Reactive vs Proactive
Prevention is better than Cure. But which one makes a better story? pic.twitter.com/9ANuNfjyKO— Work Chronicles | Comics about Work (@_workchronicles) October 9, 2020
Reacting to incidents was the current way to fix them and this evolved within the last couple of months/years. In order to improve today's needs such as Quality of Service (QoS) and the overall stability of the solutions nowadays, moving from the reactive world (I have an incident and I need to fix it) to a more proactive one is a necessity. Most websites/platforms from big players are up most of the time, even with extensive peak of activity. Eg. Amazon for the Black Friday. This was not the case couple of years back and this is driving the overall industry by making platforms available all the time the new norm.
We need to understand that avoiding “disasters” is the way to go instead of just stopping them. By just stopping the side-effects, we're not dealing with the root cause, where the real challenges are. Make sure to have a Problem Management process in place within your organisation and be ready to tackle the real issues. Don't hesitate to deep dive in those productions issues to bring to light the real problems and avoid bias.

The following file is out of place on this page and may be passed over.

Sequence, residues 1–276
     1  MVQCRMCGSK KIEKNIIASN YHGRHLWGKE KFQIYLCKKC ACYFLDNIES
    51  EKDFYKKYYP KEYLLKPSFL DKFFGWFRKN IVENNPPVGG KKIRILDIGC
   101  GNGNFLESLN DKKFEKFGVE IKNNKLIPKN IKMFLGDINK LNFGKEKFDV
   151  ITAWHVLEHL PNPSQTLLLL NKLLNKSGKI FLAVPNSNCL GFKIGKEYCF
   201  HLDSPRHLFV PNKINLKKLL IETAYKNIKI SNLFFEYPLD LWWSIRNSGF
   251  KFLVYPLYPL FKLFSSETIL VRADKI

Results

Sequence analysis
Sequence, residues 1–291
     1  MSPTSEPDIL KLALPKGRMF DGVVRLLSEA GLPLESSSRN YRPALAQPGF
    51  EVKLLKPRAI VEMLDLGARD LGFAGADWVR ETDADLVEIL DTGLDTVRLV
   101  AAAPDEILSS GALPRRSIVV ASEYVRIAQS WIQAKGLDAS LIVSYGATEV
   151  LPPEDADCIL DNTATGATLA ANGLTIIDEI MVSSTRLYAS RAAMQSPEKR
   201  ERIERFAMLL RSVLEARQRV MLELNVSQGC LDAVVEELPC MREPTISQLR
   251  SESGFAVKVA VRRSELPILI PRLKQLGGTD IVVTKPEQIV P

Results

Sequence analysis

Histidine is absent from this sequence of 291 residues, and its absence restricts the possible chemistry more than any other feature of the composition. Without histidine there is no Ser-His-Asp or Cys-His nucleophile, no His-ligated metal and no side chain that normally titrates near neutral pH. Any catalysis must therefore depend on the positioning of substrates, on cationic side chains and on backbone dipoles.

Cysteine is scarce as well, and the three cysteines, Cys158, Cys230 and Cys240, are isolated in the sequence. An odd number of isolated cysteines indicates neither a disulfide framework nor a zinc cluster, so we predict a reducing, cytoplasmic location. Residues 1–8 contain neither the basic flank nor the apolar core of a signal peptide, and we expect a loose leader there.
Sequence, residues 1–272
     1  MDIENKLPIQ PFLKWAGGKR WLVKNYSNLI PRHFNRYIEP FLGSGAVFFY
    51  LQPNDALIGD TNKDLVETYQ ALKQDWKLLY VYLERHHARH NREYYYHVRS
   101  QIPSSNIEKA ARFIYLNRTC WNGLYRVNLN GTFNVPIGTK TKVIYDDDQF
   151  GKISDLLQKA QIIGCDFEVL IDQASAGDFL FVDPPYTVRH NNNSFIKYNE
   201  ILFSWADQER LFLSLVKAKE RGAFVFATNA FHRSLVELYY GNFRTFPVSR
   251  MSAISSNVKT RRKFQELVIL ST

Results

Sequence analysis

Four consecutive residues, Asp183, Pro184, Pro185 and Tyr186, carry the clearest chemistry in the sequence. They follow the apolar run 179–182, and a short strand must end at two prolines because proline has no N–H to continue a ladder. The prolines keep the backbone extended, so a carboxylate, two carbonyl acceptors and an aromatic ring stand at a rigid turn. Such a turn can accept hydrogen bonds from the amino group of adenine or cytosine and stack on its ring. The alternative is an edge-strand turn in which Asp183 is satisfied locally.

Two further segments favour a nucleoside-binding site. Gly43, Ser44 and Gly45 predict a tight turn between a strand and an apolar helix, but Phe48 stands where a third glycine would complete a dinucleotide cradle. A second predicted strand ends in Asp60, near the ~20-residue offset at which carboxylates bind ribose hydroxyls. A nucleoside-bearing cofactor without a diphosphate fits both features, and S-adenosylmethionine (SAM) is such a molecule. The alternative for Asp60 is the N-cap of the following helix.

I also recommend you some posts on Mental models and biases it might bring up while solving problems.
In order to move from a reactive space to a proactive one (notice that I didn't use the expression “move away” because I think that both are needed), we need to use appropriate tooling but also new set of skills (there are even virtual school which are totally free: https://linkedin.github.io/school-of-sre/ ).
This is why we see flourish new job titles such as SRE (Site Reliability Engineering) but also new tech for real-time monitoring coupled with alerting, such as Prometheus and Grafana but also other tech like eBPF which are getting me soooo excited!
In case you want to get to know more about eBPF, I recommend you the excellent keynote from Brendan Gregg who worked tirelessly on this topic.
Again, what we are seeing here is that this space is boiling right now and we see that operability tech landscape is slowly getting to developer's hands. For example, we now have proper Prometheus bindings directly from Springboot and this is just the beginning. This will also bring way more interaction between traditional support teams with project teams.
I hope you had as much fun reading this post as I had for writing it. It's quite different from the other posts I've written on here but I think it was necessary and I am happy I wrote about all those topics I am passionate about.
If you have suggestions or want to chat about that, feel free to ping me on Twitter so that we can have a chat.
Anyhow, have a good day and stay safe you all!